Thistle

Castles  and  Keeps

Thistle

 

Top: The Great Hall,
formerly the castle's banquet hall

Bottom: A display of arms,
including basket-hilt swords
and various battle axes

Edinburgh Castle

Above: the western defenses and new barracks

Below, left to right: (1) the castle from Johnstone Terrace, (2) the esplanade to the castle entrance, and (3) the castle entrance

     

Top: Names and Coats of Arms
of Scottish Monarchs

Bottom: Names and Coats of Arms
of the Reformers

This ancient fortress stands as a sentinel, guarding the city and giving silent witness to the tragedies and triumphs, the drama and intrigue, and the poverty and riches of centuries of Scottish history.  One pair of stained glass windows in the Great Hall bears the names and coats of arms of Robert the Bruce and other Scottish monarchs.  In another are written the names and coats of arms of Scottish reformers, most of whom were martyred for the faith.

The high basalt rock upon which the castle stands was the site of a Bronze Age hill fort.  During the Roman occupation, it was a thriving settlement.  By the eleventh century, it was firmly established as a principal Scottish royal residence.  The earliest surviving part of the castle was built in the same century by David I.  In its 1,000-year history, the castle has been attacked, damaged, and rebuilt a number of times.  In the sixteenth century, Oliver Cromwell established a permanent military base on the grounds; he, who despised the religious passions of the Reformers, also cared nothing for the aesthetic and historic features of Edinburgh Castle.  His army destroyed and erected buildings at the castle in a manner which evidenced this disregard, creating something of a conglomeration.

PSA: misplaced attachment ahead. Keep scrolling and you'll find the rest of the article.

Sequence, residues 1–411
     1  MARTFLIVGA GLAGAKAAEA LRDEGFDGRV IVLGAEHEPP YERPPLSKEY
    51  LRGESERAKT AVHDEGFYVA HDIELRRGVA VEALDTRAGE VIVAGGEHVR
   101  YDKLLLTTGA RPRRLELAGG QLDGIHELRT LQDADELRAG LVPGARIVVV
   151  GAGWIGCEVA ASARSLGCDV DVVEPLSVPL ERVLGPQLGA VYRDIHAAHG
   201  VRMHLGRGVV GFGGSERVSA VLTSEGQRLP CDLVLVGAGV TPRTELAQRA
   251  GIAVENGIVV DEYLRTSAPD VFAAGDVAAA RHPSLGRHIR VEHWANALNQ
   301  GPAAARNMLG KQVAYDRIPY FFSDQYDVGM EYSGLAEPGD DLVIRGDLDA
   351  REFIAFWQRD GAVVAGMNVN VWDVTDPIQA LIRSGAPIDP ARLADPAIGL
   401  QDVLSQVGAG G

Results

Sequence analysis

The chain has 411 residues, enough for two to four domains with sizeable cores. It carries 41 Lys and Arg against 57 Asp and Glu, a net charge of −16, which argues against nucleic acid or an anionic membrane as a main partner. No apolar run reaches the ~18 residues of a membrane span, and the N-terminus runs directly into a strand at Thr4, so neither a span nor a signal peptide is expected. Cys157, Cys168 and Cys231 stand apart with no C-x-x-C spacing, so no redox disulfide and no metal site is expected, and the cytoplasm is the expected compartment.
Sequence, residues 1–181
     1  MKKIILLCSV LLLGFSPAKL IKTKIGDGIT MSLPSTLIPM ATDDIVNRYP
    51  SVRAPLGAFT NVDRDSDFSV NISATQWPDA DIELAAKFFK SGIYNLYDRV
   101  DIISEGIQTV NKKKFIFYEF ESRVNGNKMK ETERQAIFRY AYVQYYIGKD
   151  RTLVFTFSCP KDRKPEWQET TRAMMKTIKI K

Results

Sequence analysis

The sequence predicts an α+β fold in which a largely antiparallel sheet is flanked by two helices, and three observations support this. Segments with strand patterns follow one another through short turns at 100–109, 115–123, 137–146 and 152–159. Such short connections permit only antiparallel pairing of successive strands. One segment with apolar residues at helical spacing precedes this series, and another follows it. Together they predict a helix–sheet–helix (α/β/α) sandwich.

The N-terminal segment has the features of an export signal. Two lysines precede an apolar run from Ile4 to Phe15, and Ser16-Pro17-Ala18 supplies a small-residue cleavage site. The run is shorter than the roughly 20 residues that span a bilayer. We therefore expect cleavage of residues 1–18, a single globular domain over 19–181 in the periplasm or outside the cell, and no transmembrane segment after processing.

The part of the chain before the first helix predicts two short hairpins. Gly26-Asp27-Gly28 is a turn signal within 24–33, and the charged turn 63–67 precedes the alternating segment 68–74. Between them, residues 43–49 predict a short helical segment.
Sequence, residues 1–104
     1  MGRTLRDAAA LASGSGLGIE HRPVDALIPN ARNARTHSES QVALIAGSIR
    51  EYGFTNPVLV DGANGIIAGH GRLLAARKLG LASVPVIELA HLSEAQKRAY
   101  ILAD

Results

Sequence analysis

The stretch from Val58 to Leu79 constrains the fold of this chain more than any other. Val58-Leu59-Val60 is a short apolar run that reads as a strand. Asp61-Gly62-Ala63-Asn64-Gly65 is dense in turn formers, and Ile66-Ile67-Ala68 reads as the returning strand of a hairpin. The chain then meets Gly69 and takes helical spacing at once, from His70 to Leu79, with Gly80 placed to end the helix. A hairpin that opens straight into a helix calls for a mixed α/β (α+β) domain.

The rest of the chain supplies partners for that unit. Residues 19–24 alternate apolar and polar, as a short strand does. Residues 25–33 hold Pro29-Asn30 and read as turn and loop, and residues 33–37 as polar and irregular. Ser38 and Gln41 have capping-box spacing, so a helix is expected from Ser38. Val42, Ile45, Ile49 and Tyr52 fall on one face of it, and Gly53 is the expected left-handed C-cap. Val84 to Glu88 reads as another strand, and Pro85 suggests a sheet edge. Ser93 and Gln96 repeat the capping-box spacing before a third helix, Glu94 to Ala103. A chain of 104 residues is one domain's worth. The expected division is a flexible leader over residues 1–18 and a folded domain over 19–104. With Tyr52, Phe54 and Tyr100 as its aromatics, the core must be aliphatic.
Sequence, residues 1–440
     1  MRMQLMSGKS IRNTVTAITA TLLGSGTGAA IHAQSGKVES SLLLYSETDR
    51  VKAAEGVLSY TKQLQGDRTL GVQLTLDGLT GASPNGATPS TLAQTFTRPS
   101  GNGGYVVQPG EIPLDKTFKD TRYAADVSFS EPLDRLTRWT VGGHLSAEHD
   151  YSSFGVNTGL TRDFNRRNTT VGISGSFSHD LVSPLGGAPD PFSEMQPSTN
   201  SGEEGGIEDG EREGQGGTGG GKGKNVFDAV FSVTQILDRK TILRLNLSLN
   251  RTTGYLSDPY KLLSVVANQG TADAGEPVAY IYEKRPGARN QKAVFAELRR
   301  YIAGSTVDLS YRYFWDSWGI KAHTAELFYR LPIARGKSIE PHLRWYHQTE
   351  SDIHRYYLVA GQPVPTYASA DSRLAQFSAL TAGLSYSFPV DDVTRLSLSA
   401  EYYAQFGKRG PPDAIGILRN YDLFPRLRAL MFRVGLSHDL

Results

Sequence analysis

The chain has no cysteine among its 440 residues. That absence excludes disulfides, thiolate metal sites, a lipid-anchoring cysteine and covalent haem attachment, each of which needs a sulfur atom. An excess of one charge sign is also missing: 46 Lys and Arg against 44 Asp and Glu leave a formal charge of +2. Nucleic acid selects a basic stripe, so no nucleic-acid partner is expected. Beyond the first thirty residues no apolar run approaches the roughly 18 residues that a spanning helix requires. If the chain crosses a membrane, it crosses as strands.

In the nineteenth century, fortunately, the re-emergence of a Scottish national identity led to a change in emphasis at Edinburgh Castle. Sir Walter Scott applied for and was granted permission to look for the Scottish Honours ~ the sixteenth century Scottish Crown regalia ~ which had been missing since about 1707.  He discovered them in the castle, exactly where they had been hidden over a century earlier.  They were placed on display, and the Great Hall subsequently was restored.  In 1923, the main garrison of the British army left Edinburgh Castle, the castle's Scottish National War Memorial being built the same year.  Finally, in 1996, Scotland's Stone of Destiny was returned to Edinburgh Castle from Westminster Abbey, to which it had been "exiled" seven hundred years earlier.  A plain slab of sandstone, the Stone reputedly is the seat on which the ancient Scottish kings were crowned.  Today, the Stone of Destiny and the Honours ~ a crown, scepter, and sword ~ are on display in the Crown Room of Edinburgh Castle, but for security reasons cannot be photographed.

Urquhart Castle                        

This medieval fortress sits on a rocky promontory on the north shore of Loch Ness.  Built about the time of King Alexander II, it dates in part to the thirteenth century.  The Tower House, which is five stories high, was added in the sixteenth century as the lord’s private residence.